In eighteenth-century literature, negative representations of Catholic nuns and convents were pervasive. Yet, during the politico-religious crises initiated by the French Revolution, a striking literary shift took place as British writers championed the cause of nuns, lauded their socially relevant work, and addressed the attraction of the convent for British women. Interactions with Catholic religious, including priests and nuns, Tonya J Moutray argues, motivated writers, including Hester Thrale Piozzi, Helen Maria Williams, and Charlotte Smith, to revaluate the historical and contemporary utility of religious refugees. Beyond an analysis of literary texts, Moutray's study also examines nuns' personal and collective narratives, as well as news coverage of their arrival to England, enabling a nuanced investigation of a range of issues, including nuns' displacement and imprisonment in France, their rhetorical and practical strategies to resist authorities, representations of refugee migration to and resettlement in England, relationships with benefactors and locals, and the legal status of "English" nuns and convents in England, including their work in recruitment and education.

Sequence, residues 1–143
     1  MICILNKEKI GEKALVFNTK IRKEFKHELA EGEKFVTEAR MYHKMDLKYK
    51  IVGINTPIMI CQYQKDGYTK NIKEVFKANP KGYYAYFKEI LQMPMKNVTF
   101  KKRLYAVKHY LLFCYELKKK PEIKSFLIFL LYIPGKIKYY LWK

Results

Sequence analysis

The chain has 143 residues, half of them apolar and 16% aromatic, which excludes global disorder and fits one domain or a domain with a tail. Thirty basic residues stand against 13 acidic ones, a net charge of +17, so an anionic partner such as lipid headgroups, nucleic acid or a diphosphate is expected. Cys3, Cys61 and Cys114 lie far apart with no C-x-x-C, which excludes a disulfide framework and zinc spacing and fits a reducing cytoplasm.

Moutray shows how writers and the media negotiated the multivalent figure of the nun during the 1790s, shaping British perceptions of nuns and convents during a time critical to their survival.